User's Guide

Version 4.4.3


4 Using the Plain Erlang Back-end

4.1  Introduction

The mapping of OMG IDL to the Erlang programming language when Plain Erlang is the back-end of choice is similar to the one used in pure Erlang IDL mapping. The only difference is on the generated code and the extended use of pragmas for code generation: IDL functions are translated to Erlang module function calls.

4.2  Compiling the Code

In the Erlang shell type :

ic:gen(<filename>, [{be, erl_plain}]).

4.3  Writing the Implementation File

For each IDL interface <interface name> defined in the IDL file:

  • Create the corresponding Erlang file that will hold the Erlang implementation of the IDL definitions.
  • Call the implementation file after the scope of the IDL interface, followed by the suffix _impl.
  • Export the implementation functions.

For each function defined in the IDL interface :

  • Implement an Erlang function that uses as arguments in the same order, as the input arguments described in the IDL file, and returns the value described in the interface.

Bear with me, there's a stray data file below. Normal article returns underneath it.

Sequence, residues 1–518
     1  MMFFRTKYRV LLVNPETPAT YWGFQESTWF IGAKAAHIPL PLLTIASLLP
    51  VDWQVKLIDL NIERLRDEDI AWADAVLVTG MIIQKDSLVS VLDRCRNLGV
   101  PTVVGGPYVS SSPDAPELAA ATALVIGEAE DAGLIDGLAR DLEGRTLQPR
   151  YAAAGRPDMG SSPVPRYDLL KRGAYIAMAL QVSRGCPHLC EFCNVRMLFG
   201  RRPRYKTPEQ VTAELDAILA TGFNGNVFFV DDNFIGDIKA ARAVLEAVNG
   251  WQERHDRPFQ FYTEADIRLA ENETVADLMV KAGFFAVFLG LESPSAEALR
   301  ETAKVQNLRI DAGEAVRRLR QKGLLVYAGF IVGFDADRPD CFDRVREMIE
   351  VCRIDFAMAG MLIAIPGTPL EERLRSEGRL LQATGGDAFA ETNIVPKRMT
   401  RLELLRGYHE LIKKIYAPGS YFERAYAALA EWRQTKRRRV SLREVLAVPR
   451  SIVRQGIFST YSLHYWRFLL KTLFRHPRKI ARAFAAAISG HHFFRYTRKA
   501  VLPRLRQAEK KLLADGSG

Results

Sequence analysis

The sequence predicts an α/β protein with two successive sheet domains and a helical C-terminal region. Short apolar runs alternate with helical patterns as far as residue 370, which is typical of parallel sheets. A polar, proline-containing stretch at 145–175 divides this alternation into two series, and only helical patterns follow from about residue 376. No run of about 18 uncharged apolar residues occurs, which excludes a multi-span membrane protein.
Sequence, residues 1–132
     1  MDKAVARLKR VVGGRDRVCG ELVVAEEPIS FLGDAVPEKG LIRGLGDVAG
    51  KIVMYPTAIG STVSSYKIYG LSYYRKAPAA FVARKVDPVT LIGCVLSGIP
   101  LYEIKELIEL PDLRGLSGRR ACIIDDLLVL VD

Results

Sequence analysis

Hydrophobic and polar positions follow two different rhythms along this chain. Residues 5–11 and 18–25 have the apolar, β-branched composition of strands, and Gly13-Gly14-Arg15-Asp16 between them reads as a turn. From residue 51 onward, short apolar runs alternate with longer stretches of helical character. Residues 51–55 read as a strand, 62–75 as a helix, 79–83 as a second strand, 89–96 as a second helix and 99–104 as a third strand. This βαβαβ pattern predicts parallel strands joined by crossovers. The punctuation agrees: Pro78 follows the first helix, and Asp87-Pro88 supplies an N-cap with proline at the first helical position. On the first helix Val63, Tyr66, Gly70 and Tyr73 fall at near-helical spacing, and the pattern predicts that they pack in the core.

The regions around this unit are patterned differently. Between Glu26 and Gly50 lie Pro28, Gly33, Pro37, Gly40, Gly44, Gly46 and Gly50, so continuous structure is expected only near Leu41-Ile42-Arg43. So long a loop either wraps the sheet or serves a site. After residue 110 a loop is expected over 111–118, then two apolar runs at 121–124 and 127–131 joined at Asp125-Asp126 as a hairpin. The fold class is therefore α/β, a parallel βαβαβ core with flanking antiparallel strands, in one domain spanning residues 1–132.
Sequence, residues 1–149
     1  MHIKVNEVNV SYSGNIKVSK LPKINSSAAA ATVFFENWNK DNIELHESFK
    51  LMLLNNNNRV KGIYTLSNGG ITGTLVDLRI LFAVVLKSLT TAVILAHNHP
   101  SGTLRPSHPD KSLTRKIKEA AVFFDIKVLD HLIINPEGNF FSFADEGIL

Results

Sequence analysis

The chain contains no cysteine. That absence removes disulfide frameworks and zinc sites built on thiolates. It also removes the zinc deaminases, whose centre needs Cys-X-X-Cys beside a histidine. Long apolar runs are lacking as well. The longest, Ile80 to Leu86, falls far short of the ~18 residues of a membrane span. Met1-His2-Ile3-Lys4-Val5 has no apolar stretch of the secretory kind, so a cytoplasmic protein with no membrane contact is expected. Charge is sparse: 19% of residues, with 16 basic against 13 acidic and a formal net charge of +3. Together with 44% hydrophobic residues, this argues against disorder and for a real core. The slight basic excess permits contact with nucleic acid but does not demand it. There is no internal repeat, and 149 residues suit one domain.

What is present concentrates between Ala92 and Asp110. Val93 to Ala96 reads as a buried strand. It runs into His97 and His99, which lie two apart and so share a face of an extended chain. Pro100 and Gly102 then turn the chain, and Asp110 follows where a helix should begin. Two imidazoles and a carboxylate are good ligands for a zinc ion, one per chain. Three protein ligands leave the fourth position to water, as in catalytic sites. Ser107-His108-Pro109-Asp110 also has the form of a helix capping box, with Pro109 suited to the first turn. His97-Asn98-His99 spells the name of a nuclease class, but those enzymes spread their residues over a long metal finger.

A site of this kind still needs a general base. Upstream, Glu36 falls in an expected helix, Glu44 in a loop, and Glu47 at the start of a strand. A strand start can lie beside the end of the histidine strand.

• When using the function, follow the mapping described in chapter 2.

4.4  An Example

In this example, a file "random.idl" is generates code for the plain Erlang back-end :

  • Main file : "plain.idl"

    module rmod {
      interface random {
        double produce();
        oneway void init(in long seed1, in long seed2, in long seed3);

Compile the file :

      Erlang (BEAM) emulator version 4.9
      Eshell V4.9  (abort with ^G)
      1> ic:gen(random,[{be, erl_plain}]).
      Erlang IDL compiler version 2.5.1

When the file "random.idl" is compiled it produces five files: two for the top scope, two for the interface scope, and one for the module scope. The header files for top scope and interface are empty and not shown here. In this case only the file for the interface rmod_random.erl is important :.

  • Erlang file for interface : "rmod_random.erl"

    %% Interface functions
    -export([produce/0, init/3]).
    %% Operation: produce
    %%   Returns: RetVal
    produce() ->
    %% Operation: init
    %%   Returns: RetVal
    init(Seed1, Seed2, Seed3) ->
        rmod_random_impl:init(Seed1, Seed2, Seed3).

The implementation file should be called rmod_random_impl.erl and could look like this:

      produce()  ->
      init(S1,S2,S3)  ->

Compiling the code :

2> make:all().
Recompile: rmod_random
Recompile: oe_random
Recompile: rmod_random_impl

Running the example :

3>  rmod_random:init(1,2,3).
4>  rmod_random:produce().